A History of Steamboating in the Ohio Valley

The successful transit of the steamboat New Orleans down the Ohio and Mississippi rivers from Pittsburgh to New Orleans in the fall and early winter of 1811 signaled a new era in American history—the age of the steamboat.

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The changes that steam-propelled river craft brought to America’s interior waterways were as seismic as the tremors experienced by the New Orleans during the New Madrid earthquake. Virtually every part of society felt those changes in some way. The advent of steamboats on western waters impacted transportation, industry, business, communication, and culture.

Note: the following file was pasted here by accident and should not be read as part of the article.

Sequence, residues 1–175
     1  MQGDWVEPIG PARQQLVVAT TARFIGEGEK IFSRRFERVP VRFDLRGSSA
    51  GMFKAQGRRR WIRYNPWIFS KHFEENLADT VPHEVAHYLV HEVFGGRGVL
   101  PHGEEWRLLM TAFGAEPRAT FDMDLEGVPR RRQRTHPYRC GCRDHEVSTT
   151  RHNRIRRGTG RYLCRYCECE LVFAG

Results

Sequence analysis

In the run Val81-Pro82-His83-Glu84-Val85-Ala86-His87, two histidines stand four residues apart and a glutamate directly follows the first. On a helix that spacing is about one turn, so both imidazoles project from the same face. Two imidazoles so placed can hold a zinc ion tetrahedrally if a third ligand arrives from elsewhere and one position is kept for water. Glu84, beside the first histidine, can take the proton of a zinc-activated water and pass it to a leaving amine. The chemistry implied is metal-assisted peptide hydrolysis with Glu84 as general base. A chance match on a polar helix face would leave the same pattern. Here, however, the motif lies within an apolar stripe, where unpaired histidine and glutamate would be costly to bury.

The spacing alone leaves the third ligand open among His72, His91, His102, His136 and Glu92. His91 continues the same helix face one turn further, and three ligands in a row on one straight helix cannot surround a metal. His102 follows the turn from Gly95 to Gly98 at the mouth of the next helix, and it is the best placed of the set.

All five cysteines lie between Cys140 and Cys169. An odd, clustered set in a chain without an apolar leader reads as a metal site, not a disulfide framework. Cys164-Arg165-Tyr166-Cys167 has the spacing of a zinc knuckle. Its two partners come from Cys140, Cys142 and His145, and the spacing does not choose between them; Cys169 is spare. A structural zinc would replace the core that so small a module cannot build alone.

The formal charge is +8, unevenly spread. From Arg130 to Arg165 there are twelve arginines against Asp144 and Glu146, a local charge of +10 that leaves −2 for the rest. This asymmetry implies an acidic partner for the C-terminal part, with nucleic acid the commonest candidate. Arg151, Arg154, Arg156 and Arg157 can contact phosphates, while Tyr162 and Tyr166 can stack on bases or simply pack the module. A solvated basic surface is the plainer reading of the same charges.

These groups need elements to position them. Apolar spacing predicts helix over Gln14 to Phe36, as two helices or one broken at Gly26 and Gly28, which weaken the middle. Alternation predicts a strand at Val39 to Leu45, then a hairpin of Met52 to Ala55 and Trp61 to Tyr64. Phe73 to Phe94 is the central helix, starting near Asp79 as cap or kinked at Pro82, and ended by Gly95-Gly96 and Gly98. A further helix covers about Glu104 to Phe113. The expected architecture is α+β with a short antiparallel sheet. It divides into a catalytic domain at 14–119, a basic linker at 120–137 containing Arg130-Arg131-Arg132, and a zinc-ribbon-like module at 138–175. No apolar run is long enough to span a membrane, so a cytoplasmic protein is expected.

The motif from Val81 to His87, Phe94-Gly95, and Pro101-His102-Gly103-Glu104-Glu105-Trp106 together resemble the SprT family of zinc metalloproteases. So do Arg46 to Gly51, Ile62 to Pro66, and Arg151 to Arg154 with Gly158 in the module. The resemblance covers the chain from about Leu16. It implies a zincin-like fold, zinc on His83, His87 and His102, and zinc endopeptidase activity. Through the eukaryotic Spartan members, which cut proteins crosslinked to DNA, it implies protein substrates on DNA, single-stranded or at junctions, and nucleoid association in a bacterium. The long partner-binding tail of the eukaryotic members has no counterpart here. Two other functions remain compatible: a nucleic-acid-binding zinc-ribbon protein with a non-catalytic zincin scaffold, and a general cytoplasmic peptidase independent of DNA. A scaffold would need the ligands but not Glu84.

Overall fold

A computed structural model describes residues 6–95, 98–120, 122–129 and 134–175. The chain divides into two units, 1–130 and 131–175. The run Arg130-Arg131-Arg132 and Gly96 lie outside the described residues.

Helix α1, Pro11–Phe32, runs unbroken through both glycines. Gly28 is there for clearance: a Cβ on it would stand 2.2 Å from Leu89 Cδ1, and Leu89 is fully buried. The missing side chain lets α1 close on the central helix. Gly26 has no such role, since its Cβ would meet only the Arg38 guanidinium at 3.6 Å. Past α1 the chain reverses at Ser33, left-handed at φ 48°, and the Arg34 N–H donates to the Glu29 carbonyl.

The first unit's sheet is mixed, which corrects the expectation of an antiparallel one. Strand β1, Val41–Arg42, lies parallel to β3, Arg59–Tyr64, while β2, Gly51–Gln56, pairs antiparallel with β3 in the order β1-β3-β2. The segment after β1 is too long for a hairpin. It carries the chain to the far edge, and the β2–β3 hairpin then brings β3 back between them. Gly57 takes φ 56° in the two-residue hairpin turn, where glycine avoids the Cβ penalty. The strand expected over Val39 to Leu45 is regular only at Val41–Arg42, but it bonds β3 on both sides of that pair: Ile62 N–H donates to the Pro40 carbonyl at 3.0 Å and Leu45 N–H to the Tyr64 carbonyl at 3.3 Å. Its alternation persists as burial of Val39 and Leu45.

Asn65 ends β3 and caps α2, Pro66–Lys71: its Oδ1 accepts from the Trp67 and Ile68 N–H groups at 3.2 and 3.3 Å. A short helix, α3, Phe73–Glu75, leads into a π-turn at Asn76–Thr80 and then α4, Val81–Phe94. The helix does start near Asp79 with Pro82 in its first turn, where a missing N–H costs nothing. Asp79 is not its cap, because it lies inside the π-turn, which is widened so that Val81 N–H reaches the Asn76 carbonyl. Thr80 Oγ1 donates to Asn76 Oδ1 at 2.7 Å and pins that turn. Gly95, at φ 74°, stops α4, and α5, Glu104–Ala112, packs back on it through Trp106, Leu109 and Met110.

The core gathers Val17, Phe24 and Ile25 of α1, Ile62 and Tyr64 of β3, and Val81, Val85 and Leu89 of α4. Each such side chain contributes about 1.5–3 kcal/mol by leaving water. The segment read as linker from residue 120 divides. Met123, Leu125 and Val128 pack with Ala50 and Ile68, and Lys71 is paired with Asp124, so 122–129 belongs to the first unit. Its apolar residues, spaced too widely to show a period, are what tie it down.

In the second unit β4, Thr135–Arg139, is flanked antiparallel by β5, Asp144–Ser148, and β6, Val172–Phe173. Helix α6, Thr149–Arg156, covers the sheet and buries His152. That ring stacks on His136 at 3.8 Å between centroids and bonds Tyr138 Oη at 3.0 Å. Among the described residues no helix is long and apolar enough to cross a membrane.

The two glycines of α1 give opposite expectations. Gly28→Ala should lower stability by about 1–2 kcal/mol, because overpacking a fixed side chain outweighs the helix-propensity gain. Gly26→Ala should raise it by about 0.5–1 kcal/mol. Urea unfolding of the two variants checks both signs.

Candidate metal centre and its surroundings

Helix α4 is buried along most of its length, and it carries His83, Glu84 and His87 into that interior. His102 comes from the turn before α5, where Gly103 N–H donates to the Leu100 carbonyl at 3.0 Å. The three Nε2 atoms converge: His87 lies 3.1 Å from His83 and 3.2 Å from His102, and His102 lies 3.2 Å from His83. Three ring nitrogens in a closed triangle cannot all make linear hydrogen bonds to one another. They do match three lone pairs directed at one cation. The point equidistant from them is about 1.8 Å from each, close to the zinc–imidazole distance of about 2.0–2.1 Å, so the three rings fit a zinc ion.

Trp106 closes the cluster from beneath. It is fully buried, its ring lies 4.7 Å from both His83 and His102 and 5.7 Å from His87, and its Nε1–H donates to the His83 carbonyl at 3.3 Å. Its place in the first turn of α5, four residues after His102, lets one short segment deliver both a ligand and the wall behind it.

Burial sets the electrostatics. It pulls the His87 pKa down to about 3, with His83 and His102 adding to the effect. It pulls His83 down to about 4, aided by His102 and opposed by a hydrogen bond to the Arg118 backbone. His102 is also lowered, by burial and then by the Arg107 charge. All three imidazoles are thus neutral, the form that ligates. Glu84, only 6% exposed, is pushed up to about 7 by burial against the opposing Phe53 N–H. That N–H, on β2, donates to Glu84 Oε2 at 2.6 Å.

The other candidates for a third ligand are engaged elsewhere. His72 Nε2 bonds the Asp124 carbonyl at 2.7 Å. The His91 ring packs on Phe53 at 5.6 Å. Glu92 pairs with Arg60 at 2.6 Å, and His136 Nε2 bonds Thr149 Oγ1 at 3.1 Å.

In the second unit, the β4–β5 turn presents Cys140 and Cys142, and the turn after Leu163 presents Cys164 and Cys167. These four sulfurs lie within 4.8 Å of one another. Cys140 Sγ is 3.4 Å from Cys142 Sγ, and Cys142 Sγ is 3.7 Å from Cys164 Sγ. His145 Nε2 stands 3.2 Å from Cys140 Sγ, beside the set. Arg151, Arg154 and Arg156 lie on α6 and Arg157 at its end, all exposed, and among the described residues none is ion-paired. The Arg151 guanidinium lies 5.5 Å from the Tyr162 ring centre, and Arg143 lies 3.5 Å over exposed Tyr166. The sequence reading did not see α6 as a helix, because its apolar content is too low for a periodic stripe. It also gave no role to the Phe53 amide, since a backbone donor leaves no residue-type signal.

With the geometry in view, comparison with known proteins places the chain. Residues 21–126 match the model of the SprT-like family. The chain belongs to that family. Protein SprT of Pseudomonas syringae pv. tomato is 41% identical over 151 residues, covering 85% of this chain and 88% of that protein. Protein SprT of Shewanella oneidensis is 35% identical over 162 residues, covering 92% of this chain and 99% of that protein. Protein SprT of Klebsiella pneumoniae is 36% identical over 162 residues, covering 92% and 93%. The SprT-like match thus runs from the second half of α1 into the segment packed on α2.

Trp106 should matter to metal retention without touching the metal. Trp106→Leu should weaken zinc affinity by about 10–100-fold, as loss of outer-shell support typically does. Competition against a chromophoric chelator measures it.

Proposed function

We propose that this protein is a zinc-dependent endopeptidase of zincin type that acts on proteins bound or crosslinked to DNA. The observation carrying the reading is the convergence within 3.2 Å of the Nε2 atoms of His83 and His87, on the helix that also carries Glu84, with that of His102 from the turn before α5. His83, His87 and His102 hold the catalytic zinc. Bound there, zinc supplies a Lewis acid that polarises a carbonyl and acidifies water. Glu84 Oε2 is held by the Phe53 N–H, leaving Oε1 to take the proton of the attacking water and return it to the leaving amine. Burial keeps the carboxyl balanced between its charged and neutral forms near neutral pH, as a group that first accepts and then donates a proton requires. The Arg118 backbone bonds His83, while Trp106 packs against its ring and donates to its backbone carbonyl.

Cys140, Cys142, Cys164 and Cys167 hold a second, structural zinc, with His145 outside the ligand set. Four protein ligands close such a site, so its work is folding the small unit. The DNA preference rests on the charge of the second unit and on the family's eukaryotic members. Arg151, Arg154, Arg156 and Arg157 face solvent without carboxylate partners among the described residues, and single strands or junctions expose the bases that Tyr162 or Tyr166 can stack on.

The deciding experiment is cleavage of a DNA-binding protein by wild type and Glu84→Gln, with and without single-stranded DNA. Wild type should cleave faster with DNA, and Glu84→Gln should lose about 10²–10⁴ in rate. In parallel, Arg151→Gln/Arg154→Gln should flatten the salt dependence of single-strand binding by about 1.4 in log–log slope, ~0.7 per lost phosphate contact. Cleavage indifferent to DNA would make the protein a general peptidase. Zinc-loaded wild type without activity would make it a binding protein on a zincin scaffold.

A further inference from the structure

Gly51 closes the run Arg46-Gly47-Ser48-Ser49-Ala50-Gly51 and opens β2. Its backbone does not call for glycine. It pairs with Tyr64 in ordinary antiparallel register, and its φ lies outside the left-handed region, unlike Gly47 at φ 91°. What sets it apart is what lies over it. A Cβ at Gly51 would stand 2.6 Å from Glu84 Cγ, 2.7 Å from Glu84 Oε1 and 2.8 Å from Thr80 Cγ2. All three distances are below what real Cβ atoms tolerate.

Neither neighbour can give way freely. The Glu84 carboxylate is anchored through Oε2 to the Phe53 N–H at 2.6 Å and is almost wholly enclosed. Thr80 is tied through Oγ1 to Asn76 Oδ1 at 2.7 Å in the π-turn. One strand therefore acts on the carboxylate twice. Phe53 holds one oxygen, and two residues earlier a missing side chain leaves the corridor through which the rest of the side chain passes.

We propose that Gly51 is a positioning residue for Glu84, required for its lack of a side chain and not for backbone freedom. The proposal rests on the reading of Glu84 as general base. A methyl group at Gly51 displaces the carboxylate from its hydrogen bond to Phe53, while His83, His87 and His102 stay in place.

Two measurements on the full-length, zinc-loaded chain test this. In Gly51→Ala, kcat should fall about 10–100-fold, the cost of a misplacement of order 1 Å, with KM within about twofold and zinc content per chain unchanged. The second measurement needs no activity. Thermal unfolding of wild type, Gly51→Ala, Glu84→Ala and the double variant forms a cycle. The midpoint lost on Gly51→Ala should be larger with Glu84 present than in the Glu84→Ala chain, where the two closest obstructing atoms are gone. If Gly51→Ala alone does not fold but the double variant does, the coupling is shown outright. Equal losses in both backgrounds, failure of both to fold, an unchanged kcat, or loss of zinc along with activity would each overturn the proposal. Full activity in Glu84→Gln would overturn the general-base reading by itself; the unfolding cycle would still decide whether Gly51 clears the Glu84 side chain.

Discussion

Ohio Valley residents quickly embraced its advantages and accepted and bore its dangers. The steamboat era was off and paddling and did not flag until the coming of the railroad and automobile combined to bring about its demise. The letters, diaries, business records, books, maps, photographs, prints, paintings, and artifacts in The Filson’s collection provide a record of the steamboat era in the Ohio Valley, from the famous voyage of the New Orleans to the period’s final years, when the few remaining paddle wheelers were used for entertainment and leisure travel. 

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This exhibit has been adapted from the article "The Engine is Working Away Like Mad": Documenting the Steamboat Era in the Filson's Collection, by Filson Curator of Collections Jim Holmberg, published in Ohio Valley History, Vol. 11 No. 3, Fall 2011